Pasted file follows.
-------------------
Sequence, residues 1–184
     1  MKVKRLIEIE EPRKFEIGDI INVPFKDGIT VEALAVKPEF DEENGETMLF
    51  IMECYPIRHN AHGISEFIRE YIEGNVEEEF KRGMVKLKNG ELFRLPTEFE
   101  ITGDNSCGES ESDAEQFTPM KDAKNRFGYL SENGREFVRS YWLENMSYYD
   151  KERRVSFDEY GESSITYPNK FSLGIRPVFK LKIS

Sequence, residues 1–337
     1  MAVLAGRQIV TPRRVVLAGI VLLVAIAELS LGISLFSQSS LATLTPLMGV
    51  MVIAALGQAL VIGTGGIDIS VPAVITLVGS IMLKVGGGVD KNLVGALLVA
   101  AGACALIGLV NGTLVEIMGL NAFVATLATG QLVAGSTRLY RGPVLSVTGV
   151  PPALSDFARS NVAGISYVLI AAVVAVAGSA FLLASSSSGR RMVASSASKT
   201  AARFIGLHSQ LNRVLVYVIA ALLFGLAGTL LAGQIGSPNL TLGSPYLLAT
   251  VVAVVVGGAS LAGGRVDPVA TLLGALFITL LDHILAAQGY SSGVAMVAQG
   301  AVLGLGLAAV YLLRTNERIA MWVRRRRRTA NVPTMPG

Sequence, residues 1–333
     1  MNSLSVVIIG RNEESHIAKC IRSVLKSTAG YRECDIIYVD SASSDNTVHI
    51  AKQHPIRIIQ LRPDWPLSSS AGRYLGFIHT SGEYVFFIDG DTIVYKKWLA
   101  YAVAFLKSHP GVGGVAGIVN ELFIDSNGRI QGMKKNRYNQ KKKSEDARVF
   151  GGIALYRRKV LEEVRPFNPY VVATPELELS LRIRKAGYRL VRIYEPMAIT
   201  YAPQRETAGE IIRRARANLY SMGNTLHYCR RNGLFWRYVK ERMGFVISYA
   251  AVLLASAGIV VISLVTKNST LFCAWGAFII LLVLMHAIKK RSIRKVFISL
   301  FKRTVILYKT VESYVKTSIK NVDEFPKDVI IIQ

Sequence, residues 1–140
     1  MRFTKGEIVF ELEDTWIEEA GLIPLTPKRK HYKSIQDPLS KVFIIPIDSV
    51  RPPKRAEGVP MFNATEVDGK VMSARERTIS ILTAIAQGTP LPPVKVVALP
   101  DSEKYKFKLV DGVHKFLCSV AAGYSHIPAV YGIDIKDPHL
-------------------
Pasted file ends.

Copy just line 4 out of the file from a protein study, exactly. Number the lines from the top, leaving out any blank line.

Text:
   101  ITGDNSCGES ESDAEQFTPM KDAKNRFGYL SENGREFVRS YWLENMSYYD